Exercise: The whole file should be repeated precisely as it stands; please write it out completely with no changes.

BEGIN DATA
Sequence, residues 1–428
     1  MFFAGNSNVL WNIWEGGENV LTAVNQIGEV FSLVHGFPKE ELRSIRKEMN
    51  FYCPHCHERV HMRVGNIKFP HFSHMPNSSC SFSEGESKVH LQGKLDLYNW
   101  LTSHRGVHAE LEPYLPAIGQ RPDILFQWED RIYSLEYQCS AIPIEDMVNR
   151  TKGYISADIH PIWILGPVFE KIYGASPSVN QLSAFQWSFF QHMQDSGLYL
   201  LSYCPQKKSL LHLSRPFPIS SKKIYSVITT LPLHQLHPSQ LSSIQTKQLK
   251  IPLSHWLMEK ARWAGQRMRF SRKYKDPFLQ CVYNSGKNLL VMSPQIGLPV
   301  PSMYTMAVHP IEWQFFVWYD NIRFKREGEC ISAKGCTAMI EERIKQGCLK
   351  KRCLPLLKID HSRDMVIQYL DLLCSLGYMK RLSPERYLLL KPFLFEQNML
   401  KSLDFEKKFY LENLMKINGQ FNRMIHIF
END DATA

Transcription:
Sequence, residues 1–428
     1  MFFAGNSNVL WNIWEGGENV LTAVNQIGEV FSLVHGFPKE ELRSIRKEMN
    51  FYCPHCHERV HMRVGNIKFP HFSHMPNSSC SFSEGESKVH LQGKLDLYNW
   101  LTSHRGVHAE LEPYLPAIGQ RPDILFQWED RIYSLEYQCS AIPIEDMVNR
   151  TKGYISADIH PIWILGPVFE KIYGASPSVN QLSAFQWSFF QHMQDSGLYL
   201  LSYCPQKKSL LHLSRPFPIS SKKIYSVITT LPLHQLHPSQ LSSIQTKQLK
   251  IPLSHWLMEK ARWAGQRMRF SRKYKDPFLQ CVYNSGKNLL VMSPQIGLPV
   301  PSMYTMAVHP IEWQFFVWYD NIRFKREGEC ISAKGCTAMI EERIKQGCLK
   351  KRCLPLLKID HSRDMVIQYL DLLCSLGYMK RLSPERYLLL KPFLFEQNML
   401  KSLDFEKKFY LENLMKINGQ FNRMIHIF